Examples of third party web servers 114 are the web servers of E*TRADE, CBS MarketWatch, Fidelity Investments, and The Wall Street Journal. The third party web server 114 specifies a list of assets for which it needs probability distribution information. Host server 102 periodically gathers information from financial information provider 106 and its own financial database 120, generates the probability distribution information for the specified list of assets, and transmits the information to the third party web server 114 for incorporation into its web pages.

Examples of the media operator 124 are cable TV operators and newspaper agencies that provide financial information. For example, a cable TV channel that provides stock price quotes may also provide probability distribution information generated by the host server 102. A cable TV operator may have a database that stores the probability distributions of all the stocks that are listed on the NYSE for a number of months into the future. The host server 102 may periodically send updated information to the database of the cable TV operator. When a subscriber of the cable TV channel views the stock price quotes on a TV, the subscriber may send commands to a server computer to the cable TV operator via modem to specify a particular stock and a particular future date. In response, the server computer of the cable TV operator retrieves the probability distribution information from its database and sends the information to the subscriber via the cable network, e.g., by encoding the probability distribution information in the vertical blank interval of the TV signal.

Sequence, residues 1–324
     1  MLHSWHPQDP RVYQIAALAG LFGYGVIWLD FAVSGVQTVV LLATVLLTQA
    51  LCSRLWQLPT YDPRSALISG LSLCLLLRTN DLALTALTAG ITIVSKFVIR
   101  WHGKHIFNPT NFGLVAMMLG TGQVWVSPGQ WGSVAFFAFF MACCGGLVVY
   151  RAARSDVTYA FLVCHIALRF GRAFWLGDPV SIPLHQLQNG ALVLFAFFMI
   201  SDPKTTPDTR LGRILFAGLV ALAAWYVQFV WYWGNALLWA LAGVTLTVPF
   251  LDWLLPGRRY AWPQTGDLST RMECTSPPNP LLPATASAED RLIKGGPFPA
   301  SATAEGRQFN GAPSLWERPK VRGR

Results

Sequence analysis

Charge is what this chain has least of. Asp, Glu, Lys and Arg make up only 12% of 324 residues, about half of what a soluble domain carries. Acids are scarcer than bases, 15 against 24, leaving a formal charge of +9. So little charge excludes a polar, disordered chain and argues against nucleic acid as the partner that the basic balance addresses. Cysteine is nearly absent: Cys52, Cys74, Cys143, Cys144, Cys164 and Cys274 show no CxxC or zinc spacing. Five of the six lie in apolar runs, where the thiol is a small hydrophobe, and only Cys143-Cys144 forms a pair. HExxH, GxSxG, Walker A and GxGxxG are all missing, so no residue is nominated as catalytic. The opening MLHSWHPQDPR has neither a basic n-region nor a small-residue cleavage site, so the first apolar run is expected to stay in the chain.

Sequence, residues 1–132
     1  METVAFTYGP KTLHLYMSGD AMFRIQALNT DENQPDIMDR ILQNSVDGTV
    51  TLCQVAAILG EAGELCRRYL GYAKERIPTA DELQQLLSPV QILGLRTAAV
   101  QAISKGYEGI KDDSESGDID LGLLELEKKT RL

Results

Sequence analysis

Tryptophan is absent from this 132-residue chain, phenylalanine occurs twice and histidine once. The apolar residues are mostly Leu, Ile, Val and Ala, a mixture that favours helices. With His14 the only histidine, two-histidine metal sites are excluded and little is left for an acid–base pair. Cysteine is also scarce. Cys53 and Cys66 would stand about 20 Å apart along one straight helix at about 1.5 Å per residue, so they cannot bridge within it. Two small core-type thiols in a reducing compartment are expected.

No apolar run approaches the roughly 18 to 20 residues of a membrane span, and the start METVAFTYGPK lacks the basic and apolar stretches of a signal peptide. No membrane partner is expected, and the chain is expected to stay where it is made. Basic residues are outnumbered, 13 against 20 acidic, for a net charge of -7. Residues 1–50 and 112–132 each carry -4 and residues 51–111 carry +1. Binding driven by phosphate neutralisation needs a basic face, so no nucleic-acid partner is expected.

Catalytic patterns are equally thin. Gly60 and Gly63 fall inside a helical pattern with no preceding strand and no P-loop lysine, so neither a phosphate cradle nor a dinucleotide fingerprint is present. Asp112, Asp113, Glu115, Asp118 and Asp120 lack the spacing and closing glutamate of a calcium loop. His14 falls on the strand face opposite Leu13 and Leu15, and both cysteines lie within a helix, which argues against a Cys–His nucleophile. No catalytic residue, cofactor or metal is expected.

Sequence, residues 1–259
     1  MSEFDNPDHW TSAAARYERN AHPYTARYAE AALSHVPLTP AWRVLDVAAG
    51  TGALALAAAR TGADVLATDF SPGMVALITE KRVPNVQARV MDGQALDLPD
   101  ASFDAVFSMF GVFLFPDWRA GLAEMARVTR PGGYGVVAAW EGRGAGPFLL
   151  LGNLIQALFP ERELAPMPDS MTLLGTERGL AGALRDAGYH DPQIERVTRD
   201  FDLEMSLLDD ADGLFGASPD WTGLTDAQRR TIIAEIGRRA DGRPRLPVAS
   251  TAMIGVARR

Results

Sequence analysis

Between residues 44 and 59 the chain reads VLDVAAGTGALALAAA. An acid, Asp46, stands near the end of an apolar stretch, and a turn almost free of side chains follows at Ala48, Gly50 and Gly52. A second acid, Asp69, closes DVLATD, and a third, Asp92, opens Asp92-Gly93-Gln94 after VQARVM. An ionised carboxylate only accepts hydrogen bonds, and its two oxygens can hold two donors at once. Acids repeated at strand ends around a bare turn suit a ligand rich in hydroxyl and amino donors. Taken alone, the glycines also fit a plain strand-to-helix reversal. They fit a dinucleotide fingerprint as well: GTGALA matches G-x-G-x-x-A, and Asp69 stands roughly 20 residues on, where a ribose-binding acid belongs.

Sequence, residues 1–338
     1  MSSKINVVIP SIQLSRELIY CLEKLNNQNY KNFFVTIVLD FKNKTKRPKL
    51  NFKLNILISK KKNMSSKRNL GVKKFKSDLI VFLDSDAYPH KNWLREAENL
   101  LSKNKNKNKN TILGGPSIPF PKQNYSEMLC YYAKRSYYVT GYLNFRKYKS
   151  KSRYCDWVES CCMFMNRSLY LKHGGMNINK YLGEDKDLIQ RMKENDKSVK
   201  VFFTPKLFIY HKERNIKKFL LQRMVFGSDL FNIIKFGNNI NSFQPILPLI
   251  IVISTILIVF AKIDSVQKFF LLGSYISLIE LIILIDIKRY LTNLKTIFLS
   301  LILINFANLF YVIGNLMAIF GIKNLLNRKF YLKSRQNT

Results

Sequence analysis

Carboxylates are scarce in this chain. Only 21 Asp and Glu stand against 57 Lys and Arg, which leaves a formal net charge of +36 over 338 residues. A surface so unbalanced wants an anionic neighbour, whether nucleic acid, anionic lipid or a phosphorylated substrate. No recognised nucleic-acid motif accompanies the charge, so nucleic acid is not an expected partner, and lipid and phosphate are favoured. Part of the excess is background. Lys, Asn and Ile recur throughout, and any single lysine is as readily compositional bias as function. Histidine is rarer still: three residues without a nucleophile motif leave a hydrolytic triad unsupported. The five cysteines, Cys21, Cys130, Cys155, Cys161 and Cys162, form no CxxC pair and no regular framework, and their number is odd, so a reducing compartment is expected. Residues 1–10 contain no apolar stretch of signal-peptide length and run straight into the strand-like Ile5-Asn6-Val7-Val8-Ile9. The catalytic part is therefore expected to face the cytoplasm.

Likewise, a newspaper agency that provides daily transaction price quotes may also provide the probabilities of stock prices rising above certain percentages of the current asset prices at a predetermined future date, e.g., 6 months. A sample listing on a newspaper may be “AMD 83 88 85 ▴40%”, meaning that the AMD stock has a lowest price of $83, highest price of $88, a closing price of $85 that is higher than the previous closing price, and a 40% probability of rising 10% in 6 months.